Unexpected classical music

In Zombieland (a delectable movie), there’s a scene where the four dysfunctional people we’re learning to love smash up a store full of tacky western-style souvenirs. And have loads of fun doing it. They’re allowed to, because as far as we and they know, they’re the only human beings left in the US. It’s them against millions of zombies.

And what do we hear on the soundtrack while they’re smashing the souvenirs? The Marriage of Figaro overture, sounding like wild, crazy fun, just as it ought to in the opera. (It would work even better in the film if they’d chosen a better performance.)

This is another example of the new use of classical music on soundtracks and in commercials. It’s chosen, apparently, simply for its sound, without any overlay of classical music romance or pomp.

Compare this to the last movement of the Brahms Violin Concerto during an especially violent murder scene in There Will Be Blood. Again, the music suggests wild and crazy fun, though this time with a biting ironic edge, and without any overlap with anything Brahms most likely had in mind. (It’s a much more violent scene than anything in Zombieland, even though — or maybe because — the only monster around is human.)

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  1. Aric Isaacs says

    Greg –

    I have nothing against the use of classical music outside of it’s original context (although I think your question in your follow-up post about why music is chosen may have less to do with the “sound’ and more to do with the fact that the music is in the public domain – see the recommended music in the Make Your Own Doritos Commercial contest.)I do, however, think that there is a loss for our culture when music, art, literature have become completely unmoored from any common reference. When Vladimir Nabokov or Toni Morrison reference some other cultural work it is freighted with meaning that makes their works that much more deeply meaningful. I don’t know if our modern culture’s seeming inability to process deeper thoughts than a Hallmark moment or TV pundit’s rant is contributing to the decline of the classical audience, but I’m not so sure that a spot in Zombieland or a 30 second Amex commercial is helping any.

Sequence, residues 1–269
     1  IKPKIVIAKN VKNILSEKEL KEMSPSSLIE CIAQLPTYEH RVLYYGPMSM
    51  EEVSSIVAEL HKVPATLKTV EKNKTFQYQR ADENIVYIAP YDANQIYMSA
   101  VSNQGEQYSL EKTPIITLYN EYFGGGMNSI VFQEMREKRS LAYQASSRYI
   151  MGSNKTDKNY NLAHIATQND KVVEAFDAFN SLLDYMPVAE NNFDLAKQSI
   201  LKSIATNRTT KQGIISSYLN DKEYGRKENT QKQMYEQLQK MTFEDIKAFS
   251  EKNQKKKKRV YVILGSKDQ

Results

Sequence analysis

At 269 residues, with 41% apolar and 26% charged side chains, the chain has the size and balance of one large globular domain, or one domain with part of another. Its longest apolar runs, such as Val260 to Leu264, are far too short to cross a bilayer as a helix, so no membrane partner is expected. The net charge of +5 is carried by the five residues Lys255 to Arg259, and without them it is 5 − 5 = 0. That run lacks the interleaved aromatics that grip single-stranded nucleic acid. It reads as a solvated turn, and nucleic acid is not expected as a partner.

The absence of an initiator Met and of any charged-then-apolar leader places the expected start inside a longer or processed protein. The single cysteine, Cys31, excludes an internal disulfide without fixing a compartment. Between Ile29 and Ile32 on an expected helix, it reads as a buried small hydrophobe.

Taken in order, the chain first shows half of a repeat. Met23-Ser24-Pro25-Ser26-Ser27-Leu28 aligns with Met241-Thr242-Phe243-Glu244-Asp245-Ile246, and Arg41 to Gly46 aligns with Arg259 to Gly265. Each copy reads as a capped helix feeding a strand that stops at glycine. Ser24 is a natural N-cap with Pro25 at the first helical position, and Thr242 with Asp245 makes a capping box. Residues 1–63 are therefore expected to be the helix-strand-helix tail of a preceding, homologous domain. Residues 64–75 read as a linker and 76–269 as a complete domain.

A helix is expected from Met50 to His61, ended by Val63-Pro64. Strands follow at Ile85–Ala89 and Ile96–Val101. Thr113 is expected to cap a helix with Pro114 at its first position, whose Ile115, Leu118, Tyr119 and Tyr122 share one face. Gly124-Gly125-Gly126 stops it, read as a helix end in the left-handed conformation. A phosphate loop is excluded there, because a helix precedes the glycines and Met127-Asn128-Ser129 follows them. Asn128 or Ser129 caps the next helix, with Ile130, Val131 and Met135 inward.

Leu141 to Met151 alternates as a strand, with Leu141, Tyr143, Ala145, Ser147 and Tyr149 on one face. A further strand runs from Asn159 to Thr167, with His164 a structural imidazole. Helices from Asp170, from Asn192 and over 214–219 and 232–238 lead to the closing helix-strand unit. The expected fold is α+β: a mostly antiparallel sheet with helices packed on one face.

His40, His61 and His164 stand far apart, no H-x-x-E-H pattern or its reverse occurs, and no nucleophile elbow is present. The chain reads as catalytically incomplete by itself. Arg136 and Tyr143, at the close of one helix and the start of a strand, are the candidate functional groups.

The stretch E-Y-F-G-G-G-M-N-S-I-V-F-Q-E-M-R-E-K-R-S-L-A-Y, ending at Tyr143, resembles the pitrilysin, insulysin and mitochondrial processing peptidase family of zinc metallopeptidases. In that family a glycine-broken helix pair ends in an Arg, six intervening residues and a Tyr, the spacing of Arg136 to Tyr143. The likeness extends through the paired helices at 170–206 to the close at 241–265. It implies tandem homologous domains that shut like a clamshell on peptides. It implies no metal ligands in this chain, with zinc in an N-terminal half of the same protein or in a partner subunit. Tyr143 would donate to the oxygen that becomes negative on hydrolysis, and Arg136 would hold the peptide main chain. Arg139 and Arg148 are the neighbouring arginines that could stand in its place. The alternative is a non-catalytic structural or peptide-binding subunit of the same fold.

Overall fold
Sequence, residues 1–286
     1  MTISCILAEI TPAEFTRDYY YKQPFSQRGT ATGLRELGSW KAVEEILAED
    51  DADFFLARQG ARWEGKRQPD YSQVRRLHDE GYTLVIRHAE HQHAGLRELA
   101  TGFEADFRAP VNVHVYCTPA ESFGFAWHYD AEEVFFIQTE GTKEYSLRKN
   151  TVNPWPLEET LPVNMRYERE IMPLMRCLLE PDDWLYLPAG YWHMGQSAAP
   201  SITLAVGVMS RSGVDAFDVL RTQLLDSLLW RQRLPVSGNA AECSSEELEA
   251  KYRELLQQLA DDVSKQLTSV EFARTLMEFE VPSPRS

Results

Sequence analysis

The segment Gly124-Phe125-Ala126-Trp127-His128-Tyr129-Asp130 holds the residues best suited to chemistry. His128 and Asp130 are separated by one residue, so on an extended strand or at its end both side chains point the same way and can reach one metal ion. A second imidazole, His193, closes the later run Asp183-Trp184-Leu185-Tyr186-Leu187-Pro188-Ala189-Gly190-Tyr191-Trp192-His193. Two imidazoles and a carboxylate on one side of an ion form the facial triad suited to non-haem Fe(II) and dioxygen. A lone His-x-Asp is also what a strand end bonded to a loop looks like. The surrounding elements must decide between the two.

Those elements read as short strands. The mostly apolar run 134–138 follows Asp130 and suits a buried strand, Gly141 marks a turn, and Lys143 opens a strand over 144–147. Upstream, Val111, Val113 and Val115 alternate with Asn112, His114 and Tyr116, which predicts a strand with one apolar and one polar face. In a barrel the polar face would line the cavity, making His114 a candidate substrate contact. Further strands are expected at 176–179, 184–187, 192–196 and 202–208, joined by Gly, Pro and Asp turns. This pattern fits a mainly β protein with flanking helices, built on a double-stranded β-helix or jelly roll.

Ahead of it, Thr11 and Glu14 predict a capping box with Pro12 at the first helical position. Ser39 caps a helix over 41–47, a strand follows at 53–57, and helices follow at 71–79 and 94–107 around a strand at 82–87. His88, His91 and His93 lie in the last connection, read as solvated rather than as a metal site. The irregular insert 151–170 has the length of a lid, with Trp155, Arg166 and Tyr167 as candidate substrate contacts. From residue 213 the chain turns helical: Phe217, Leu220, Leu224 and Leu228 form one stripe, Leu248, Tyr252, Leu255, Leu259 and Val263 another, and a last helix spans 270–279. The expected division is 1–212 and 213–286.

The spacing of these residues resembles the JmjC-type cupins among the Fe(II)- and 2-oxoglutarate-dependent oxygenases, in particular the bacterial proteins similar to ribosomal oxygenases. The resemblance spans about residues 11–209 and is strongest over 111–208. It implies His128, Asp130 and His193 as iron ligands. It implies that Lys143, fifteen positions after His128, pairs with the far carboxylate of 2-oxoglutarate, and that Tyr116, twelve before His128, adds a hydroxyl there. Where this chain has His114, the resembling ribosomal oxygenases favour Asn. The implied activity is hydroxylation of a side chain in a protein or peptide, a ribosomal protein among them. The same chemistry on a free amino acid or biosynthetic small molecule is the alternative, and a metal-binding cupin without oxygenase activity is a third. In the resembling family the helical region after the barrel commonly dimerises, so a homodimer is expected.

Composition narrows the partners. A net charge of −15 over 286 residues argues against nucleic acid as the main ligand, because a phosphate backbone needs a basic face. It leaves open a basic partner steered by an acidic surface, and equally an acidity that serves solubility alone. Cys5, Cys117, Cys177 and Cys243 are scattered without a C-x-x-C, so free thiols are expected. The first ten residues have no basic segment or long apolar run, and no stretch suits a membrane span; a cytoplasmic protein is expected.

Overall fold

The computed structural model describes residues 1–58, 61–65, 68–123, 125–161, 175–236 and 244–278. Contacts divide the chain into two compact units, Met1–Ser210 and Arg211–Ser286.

I’d think we’re developing new cultural references. Hard to imagine the old ones continuing indefinitely. I love Nabokov, and personally can mourn the passing of the culture where his references made sense (thinking, for instance, of the web of crosscultural Russia/America references throughout Ada). But times do change.

    As for our culture’s inability to process deeper thought, I don’t buy that. How could The Wire have been such a success, if we weren’t thinking?

  2. says

    I look at it from the perspective that we think of Rock Stars and Film Stars with a sense of glamour, but classical music “stars” don’t get the same treatment. Classical music composers are somehow “less than” other composers even though numerous classical music composers also composed for film.

    I posted a more detailed comment on my blog…

  3. Aric Isaacs says


    I agree that we are constantly creating new cultural references, and we are richer for them. However, imagine how much better the scene in Zombieland would have been if they had chosen The Anvil Chorus (where you actually get to “strike” things in the original.) All I’m really saying, is that if the cultural reference for the Bach Suite is that Amex will replace my broken consumer goods, that is probably not the best thing for our shared culture. Granted, this has been happening for a long, long time – I still think of puffed rice whenever I hear the 1812.